Resident Evil: Afterlife (2010)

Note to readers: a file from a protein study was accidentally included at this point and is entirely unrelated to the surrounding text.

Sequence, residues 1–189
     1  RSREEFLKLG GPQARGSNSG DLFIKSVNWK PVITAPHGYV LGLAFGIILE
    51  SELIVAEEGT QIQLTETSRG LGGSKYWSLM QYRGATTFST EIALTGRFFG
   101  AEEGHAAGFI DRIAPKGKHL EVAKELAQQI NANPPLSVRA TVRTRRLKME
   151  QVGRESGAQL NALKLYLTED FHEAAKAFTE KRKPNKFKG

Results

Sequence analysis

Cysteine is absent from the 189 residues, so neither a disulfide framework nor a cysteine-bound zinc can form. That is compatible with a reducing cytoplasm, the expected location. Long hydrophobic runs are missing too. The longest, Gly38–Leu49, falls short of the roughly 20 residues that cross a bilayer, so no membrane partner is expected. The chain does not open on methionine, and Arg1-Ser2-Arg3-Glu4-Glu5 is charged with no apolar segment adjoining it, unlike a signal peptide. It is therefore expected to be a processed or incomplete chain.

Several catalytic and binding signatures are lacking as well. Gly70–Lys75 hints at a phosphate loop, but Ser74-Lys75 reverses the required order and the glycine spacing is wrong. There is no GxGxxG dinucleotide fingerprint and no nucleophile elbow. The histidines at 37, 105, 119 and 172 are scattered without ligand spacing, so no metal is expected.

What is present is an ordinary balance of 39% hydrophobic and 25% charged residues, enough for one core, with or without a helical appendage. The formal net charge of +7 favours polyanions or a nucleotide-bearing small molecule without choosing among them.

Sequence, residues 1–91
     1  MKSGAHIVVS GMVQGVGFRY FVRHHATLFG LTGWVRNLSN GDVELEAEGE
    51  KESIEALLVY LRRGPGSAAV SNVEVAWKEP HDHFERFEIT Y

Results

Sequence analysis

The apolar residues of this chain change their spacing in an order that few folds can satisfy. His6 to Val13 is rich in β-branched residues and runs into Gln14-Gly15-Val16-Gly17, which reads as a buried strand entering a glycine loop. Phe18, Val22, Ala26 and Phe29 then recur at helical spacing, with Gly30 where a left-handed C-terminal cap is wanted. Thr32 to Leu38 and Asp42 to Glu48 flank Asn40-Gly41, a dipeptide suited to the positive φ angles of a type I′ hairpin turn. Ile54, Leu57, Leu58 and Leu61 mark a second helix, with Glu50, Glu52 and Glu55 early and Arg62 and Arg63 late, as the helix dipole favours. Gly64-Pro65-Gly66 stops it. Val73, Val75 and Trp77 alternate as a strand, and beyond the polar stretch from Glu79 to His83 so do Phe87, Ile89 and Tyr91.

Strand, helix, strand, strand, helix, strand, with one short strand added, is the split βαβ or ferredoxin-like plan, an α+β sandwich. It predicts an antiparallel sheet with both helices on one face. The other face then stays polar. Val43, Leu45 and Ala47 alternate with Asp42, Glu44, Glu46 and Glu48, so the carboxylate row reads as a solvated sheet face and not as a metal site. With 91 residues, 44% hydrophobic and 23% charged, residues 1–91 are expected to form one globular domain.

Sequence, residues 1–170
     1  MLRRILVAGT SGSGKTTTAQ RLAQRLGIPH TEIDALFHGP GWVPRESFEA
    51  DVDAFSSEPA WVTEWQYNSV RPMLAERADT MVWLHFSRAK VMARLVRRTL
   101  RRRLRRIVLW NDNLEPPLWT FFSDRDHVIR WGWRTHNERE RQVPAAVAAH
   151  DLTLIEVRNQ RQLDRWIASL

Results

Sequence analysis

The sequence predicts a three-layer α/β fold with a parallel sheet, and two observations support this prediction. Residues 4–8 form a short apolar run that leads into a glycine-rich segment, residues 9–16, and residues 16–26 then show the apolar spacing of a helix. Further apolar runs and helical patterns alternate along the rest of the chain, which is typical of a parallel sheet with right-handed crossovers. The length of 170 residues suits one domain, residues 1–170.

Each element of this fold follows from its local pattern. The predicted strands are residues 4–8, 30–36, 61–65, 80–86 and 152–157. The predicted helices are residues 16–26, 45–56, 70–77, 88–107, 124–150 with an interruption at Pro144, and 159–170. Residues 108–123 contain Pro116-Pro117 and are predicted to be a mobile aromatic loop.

(On DVD, January 2011) I have an unaccountable soft spot for the Resident Evil films, and part of the fascination is seeing how the series continues to surprise even in its fourth installment: Not only has it squeezed two adventures after the logical end-point of most zombie movies (that is: the infection going global, everybody dying, etc.), the series has actually recovered from the awful second film and Afterlife continues to show how clever it can be in delivering polished visuals, action thrills and further developments to its own playful mythology.  Impressively enough, this installment depowers a seemingly omnipotent Alice after a deliriously overpowered first sequence.  Then it’s off to Los Angeles (via Alaska) for a little more of that claustrophobic Resident Evil setting.  A new crew is introduced, many of them discarded on the way to the conclusion, and there’s a nice little upswing to the conclusion. (Hint: don’t stop watching right after the credits start to roll and pay attention to the credited names that haven’t yet appeared in the film.)  I haven’t always been kind to director Paul W.S. Anderson, but his eye for impressive visual sequences is undeniable, and his return to the series helps make this fourth entry the strongest since the first one.  (This made-for-3D film looks really good even in 2D.)  Milla Jovovich doesn’t have to make any special effort to make another good impression as Alice.  Never mind the formula dialogue, characters or plot: the kick here is the same kind of over-the-top, hyper-glossy action visuals that the series has provided so far.  Even ten years after the first film, Afterlife proves that there’s a little bit of juice left in the series.

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